The ACLU suit eventually was consolidated with a similar federal case involving two couples in North Florida, one already married in Canada and the other wanting to wed.
On Aug. 21, Hinkle of Tallahassee ruled in favor of the couples, throwing out the gay-marriage ban in Florida’s Constitution — approved by 62 percent of voters in 2008 — calling it “an obvious pretext for discrimination.” He stayed his ruling until Jan. 5, giving Bondi time to appeal.
Bondi appealed the case to the 11th Circuit Court of Appeals in Atlanta, which has jurisdiction over Florida, Georgia and Alabama. The appeal hasn’t been heard, but on Dec. 3, three 11th Circuit judges denied Bondi’s request to extend the stay. Bondi this week turned to Thomas, who oversees the 11th Circuit. On Friday night, the high court issued a two-sentence denial of Bondi’s request, noting that justices Thomas and Antonin Scalia would have granted it.
According to the ACLU, once the stay is lifted, Florida must recognize all same-sex marriages performed out of state.
“Every same-sex couple that has been married in another state or another country will have their marriage recognized, and they will qualify for the benefits with marriage: health insurance, pensions, all the practical benefits that come with marriage,” Simon said. “That will happen 12:01 on Jan. 6.”
Also, same-sex couples will now be eligible for Social Security benefits, which are dependent on state laws, Simon said.
“We expect public officials in all of Florida’s 67 counties to understand the significance of this development and look forward to full implementation of Judge Hinkle’s decision across our state,” ACLU of Florida attorney Daniel Tilley said in a statement.
Still not known: Which Florida clerks will issue marriage licenses to gay and lesbian couples.
Top law firm Greenberg Traurig, which represents the Florida Association of Court Clerks, has advised them that only the clerk in Washington County, in rural North Florida — named in Florida’s federal gay-marriage lawsuit — would be bound by Hinkle’s ruling. All other Florida clerks who are not parties in the lawsuit could face “a misdemeanor of the first degree, punishable by imprisonment of not more than one year and a fine of not more than $1,000” if they went ahead and married same-sex couples, according to Greenberg Traurig.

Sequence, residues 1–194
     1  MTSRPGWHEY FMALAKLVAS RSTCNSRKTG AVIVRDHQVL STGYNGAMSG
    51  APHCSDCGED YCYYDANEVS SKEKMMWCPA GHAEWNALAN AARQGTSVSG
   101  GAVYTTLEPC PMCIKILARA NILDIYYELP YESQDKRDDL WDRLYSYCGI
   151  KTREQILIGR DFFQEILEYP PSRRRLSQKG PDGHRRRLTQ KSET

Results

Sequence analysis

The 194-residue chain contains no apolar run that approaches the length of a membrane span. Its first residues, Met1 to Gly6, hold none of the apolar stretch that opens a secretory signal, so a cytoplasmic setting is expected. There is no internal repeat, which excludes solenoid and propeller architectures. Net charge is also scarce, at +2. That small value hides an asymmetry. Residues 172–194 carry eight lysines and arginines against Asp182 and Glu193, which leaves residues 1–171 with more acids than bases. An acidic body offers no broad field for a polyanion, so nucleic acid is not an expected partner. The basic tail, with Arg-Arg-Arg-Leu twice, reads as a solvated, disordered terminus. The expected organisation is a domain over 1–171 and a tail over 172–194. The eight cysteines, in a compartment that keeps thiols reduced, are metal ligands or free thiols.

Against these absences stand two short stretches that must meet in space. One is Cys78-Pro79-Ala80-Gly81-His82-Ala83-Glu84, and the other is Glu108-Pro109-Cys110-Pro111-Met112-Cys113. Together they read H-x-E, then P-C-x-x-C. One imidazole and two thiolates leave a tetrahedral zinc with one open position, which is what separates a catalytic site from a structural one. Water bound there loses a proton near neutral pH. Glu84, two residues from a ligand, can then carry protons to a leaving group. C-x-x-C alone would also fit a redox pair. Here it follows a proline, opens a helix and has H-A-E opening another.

Just before the Supreme Court ruled on the stay Friday night, Greenberg Traurig’s Miami-based co-president, Hilarie Bass, told the Miami Herald that the firm supports same-sex couples’ right to marry but made its recommendation to clerks based on Florida law.
South Florida clerks have been vague as to whether they would issue licenses to same-sex couples beginning Jan. 6.
Monroe County Clerk Amy Heavilin has said she wants to be the first clerk in Florida to marry a gay couple, according to spokesman Ron Saunders.
“I’m sure she’d be open to being a historic clerk,” Saunders said. “Amy Heavilin has personally approved us staying open longer than normal hours, and she will be the one to perform the ceremony.”
Broward Clerk Howard Forman has said his Fort Lauderdale office is ready to go. “There’s a lot of pent-up demand,” he said.
Miami-Dade Clerk Harvey Ruvin says he will issue licenses if directed by the court.
“It is unfortunate that this change is happening in a confusing, inconsistent and somewhat frustrating manner, causing pain and loss of patience for many of our citizens,” Ruvin said in an email Wednesday to Palm Beach Clerk Sharon R. Bock. “In my view, our only option is to remain hopeful that the COURTS will resolve that confusion in a timely manner.”
Source: Miami Herald, “U.S. Supreme Court denies stay; same-sex marriage in Florida begins Jan. 6,” By Steve Rothaus, 12/19/2014 7:12 PM, 12/20/2014 8:45 AM